China Crosses the Line: the west thought a newly engaged china would change for the betterment of all. The west was wrong.

Since 1979, there has been a bipartisan American policy of engaging China economically in the hope of increasing its evolution towards democracy:
“Since China’s accession to the UN, the Nixon visit, and subsequently the US recognition of the One China policy and the establishment of full diplomatic relations in January 1979, an extensive tapestry of economic, trade and academic ties has been woven between the countries, along with mutual desire to exploit these for the advancement of economic growth. In 2019, bilateral trade reached some $541 billion (US exports: $123 billion; Chinese exports: $418 billion).”
Until recently, both nations worked hard to maintain a façade of friendliness and courtesy towards each other:
“Until the coronavirus era, tens of thousands of representatives of American companies and organizations worked permanently in China. Many among the business and academic sectors in China maintain sweeping ties with American counterparts, and American companies manufacture a significant part of their products in China.”
At the same time, many Chinese came to America:
“Over the last decade, the children of many of the political and economic elite have studied in the United States, including the daughter of President Xi Jinping, who attended Harvard. More than 390,000 Chinese students were enrolled last year in the United States, the largest cohort of foreign students.”
In a recent document, the US government admitted that this decades-long policy of rapprochement has been a complete failure. China has been robbing us blind while becoming more autocratic. There has been no real reform according to a White House document entitled “United States Strategic Approach to the People’s Republic of China” (May 20, 2020). It contends, after long reflection, that the United States “underestimated the will of the Chinese Communist Party (CCP) to constrain the scope of economic and political reform in China” and that China’s “increased engagement with the world did not lead to convergence with the citizen-centric, free and open order as the United States had hoped.”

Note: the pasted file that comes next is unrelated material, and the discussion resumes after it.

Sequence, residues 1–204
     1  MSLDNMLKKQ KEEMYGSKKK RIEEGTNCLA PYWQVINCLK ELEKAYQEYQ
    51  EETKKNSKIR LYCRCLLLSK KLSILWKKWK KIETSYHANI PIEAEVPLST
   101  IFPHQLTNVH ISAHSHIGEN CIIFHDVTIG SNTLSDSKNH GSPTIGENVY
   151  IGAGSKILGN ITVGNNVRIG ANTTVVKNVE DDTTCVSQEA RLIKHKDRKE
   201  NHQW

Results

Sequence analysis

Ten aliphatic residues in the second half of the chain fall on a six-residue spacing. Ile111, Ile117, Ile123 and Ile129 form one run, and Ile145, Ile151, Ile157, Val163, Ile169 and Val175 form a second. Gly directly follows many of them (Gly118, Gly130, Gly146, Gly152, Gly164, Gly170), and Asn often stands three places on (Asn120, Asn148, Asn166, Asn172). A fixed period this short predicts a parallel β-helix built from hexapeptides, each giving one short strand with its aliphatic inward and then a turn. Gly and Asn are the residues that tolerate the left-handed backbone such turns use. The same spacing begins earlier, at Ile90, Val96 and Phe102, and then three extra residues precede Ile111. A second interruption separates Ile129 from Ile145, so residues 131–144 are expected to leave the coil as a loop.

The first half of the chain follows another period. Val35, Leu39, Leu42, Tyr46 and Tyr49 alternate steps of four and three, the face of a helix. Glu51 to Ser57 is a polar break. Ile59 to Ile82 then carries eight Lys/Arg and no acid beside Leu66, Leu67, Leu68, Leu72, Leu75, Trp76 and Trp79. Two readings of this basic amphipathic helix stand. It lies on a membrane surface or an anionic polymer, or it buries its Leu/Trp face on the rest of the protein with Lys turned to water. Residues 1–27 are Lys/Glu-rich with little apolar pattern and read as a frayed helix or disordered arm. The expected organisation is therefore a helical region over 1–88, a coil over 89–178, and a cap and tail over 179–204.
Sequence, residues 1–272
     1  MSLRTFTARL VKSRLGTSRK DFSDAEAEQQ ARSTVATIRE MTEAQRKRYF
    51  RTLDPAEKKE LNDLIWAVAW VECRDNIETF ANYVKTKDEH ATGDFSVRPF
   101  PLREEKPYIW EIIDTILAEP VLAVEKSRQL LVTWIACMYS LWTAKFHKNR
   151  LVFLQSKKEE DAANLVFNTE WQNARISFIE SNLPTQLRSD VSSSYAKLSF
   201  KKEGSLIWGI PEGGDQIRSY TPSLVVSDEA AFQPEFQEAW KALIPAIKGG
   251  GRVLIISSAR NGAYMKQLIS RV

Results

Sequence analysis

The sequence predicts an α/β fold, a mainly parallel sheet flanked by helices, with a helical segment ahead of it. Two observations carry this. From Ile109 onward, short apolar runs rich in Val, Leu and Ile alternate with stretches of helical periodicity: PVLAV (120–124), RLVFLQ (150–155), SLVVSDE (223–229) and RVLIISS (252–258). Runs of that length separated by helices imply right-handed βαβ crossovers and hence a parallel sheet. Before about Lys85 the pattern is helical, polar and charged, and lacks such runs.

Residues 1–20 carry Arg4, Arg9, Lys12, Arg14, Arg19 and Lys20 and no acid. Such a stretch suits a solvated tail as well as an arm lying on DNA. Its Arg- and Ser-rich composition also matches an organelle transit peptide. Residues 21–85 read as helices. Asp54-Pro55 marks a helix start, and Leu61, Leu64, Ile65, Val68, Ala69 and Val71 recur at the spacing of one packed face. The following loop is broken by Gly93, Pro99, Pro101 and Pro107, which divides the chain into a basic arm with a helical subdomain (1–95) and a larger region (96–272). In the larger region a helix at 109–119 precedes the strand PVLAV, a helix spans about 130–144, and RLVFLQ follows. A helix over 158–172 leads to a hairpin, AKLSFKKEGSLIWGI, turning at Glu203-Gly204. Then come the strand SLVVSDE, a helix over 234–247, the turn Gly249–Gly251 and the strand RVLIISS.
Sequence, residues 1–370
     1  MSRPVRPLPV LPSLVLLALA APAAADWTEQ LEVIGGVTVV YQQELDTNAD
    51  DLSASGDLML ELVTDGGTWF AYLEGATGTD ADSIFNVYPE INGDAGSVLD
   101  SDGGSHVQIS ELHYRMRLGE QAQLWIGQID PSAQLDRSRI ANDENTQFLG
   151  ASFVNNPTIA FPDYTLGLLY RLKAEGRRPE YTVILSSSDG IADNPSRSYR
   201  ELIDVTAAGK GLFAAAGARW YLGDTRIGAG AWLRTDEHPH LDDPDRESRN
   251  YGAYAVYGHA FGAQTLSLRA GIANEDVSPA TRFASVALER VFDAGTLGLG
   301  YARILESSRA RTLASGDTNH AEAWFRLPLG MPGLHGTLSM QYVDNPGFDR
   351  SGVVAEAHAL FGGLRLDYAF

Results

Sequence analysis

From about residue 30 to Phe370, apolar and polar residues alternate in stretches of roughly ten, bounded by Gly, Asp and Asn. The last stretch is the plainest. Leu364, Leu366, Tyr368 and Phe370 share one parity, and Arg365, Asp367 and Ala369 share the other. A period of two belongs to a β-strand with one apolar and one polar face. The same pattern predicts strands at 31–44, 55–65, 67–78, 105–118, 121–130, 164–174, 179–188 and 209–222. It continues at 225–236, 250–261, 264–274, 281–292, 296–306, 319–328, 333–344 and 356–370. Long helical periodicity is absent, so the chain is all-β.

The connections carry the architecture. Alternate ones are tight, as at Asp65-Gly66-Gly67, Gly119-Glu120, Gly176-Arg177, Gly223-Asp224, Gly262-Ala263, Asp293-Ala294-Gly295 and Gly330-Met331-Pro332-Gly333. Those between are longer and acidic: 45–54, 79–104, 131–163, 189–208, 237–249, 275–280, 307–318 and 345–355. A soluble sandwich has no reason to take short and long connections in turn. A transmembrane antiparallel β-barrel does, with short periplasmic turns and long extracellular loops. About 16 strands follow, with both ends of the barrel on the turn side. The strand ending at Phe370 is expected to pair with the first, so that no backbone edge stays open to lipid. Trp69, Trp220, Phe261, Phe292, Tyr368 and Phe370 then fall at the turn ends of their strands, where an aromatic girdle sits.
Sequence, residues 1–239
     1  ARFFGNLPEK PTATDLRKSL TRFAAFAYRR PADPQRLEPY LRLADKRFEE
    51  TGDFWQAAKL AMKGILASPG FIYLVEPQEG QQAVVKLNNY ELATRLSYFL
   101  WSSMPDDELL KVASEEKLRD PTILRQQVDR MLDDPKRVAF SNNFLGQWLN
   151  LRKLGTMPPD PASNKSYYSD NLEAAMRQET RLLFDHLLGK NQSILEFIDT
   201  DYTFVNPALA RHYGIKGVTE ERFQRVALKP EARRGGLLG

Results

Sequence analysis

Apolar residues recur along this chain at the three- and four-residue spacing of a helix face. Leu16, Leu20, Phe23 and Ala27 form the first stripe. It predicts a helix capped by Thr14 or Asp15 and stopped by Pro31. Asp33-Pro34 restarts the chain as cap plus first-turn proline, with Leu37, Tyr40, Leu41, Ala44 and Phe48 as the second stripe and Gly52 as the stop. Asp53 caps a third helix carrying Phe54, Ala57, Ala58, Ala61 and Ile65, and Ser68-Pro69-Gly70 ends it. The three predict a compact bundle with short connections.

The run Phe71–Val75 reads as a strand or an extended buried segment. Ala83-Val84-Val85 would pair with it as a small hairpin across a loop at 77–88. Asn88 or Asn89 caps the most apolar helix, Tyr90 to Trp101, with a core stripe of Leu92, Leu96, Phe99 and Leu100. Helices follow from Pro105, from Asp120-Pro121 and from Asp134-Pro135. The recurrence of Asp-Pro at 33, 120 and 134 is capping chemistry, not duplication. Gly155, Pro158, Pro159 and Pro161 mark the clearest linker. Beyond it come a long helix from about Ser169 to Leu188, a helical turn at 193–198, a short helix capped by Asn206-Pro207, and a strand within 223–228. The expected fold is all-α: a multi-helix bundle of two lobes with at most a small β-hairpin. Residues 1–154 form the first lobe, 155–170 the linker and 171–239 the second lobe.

Well that is putting it mildly. The truth is that instead of getting better, China’s behavior has gotten worse, much worse. While the world’s attention has been diverted by the pandemic, China has been crossing the line into organized crime. America is not the only victim.
You want evidence that China can no longer be trusted? Just look at the headlines. Just this week, there is a breaking spy scandal in Australia, a military confrontation with India and a series of cyber-attacks across Asia that indicates a new pattern of Chinese aggressiveness and outright lawlessness.
Let’s start with Australia.
Like all mob bosses before them, the corrupt leadership of the Chinese Communist Party has attempted to locate and bribe equally corrupt “fixers” inside foreign law enforcement agencies and even legislatures. For the first time, one of China’s secret fixers got caught. The home of a senior Labor Party leader in Australia’s upper chamber was raided by police last week as part of an investigation by ASIO, the Australian Security Intelligence Organization (roughly equivalent to the American FBI).

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